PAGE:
While there’s plenty of graphic novels that I haven’t read, I like to think that over the course of my weekly ramblings about them, I’ve come to read a fairly decent range of stories. There have been stories that I’ve fallen in love with, stories that I despised with all the burning hatred in my black little heart and pretty much the entire range in between. But I think there are very few stories that have affected me quite like Persepolis. It’s rare to see a graphic novel make history and memoir interesting without resorting to gore and intense action but Persepolis has a strange intensity to it despite its often lighter tones. Persepolis is Marjane Satrapi’s story of growing up during the Cultural Revolution in Iran, as seen through the eyes of first a child, then a teenager. As a history geek and a lover of stories, Persepolis really hits the mark in both and yet gives those of us with perhaps only a very light knowledge of the subject an understanding of what it was like at least in one particular case. It’s an interesting blend of history and drama that is surprisingly heart rending. The original Persepolis was written in 2000 with the sequel following in 2001. Both were written and illustrated by Marjane Satrapi though I’ll be focusing largely on the first one in this review.
During the course of the story in Persepolis, Satrapi tells of her life in Iran from age six to age fourteen. Satrapi’s parents are not hugely wealthy, but certainly upper middle class, well-educated and not afraid to voice their political opinions. At least at first. Satrapi’s view of the Islamic Revolution is as interesting as it is because you see from the intellectual elite’s perspective how Iranian culture changes over the course of the revolution. Little by little freedoms are worn away and people live in fear more and more, even as they engage in their own little acts of rebellion. Reading the story as an adult, it’s somewhat scary to see through child-Marjane’s eyes and recognize the increasing danger for a young girl as rebellious and outspoken as she paints herself to be. Neither side is glorified, but rather the gradual erosion of the non-Islamic parts of Iranian culture reveal a rather huge loss to the country as a whole and the deep effect it has on Satrapi and those around her. The story ends with Satrapi’s departure from Iran at age fourteen and picks back up in the second volume which deals with the years following and her struggle to find a way to fit in as an outsider. As far as immigrant, coming of age stories go, it’s hard to get much more intense than that.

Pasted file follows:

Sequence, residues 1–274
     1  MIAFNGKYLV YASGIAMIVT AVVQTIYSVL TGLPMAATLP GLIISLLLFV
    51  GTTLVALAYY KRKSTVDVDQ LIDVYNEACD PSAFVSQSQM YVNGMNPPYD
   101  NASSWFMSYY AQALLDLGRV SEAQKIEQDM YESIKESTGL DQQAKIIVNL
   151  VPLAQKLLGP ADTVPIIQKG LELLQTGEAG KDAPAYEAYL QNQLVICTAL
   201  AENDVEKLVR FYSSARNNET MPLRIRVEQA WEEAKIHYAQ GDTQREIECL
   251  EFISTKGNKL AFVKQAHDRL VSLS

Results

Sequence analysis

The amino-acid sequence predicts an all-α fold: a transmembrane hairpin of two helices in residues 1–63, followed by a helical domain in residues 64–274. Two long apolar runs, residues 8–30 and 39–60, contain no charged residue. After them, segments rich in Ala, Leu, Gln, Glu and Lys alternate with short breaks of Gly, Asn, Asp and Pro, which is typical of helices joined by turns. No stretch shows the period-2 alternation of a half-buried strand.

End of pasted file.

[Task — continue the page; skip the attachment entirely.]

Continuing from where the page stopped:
What seems to make Persepolis stand out from other similar stories is two-fold: the understanding and insight it gives readers into the minds of an average (although admittedly higher class) Iranian’s experience of the Islamic Revolution and the way in which the art directly complements the tone of the story. Satrapi has an almost self-deprecating view of herself as a child, particularly in the overtly rebellious tendencies displayed in the midst of a crackdown that had no tolerance for rebellion. Satrapi runs into some rather scary situations and it’s difficult to imagine what might have happened to her had her parents not gotten her out before her unruly tongue got her into serious trouble. Overall, I think Satrapi has a very good understanding of people and the ways in which they come to understand situations outside of their control. Persepolis can be disturbing in that there’s not a sudden shift from freedom to burkas but a smooth slide from public discontent to religious fervor. It is distinctly scary at points and that’s part of what makes it such a memorable story. The art is uncomplicated and stark, with very little color used in the panels. Satrapi uses shadow to great effect to create a mood that alternates between the silliness of her family and the terrifying reality of the threat of religious fanatics. The art style is distinctly cartoony but it seems to underscore the implied violence and threat that Satrapi and her family face as the revolution passes year by year.
While I understand that not everyone enjoys history and stories as much as I do, Persepolis is one of those stories that absolutely has to be on every “Must-Read Comics/Graphic Novels!” list. If it’s not on there, that list isn’t worth a damn. That’s not opinion, that’s fact. Persepolis is a powerhouse of a story that belongs on that list next to Maus. They’re both the kind of story that you want to shove into the hands of every teen who’s ever said “history is too boring!” It’s a well-written, very well illustrated journey of a young girl growing up in incredibly dangerous times who has to navigate not only normal teen life but a whole host of other problems many of us have never experienced. I honestly cannot recommend it highly enough.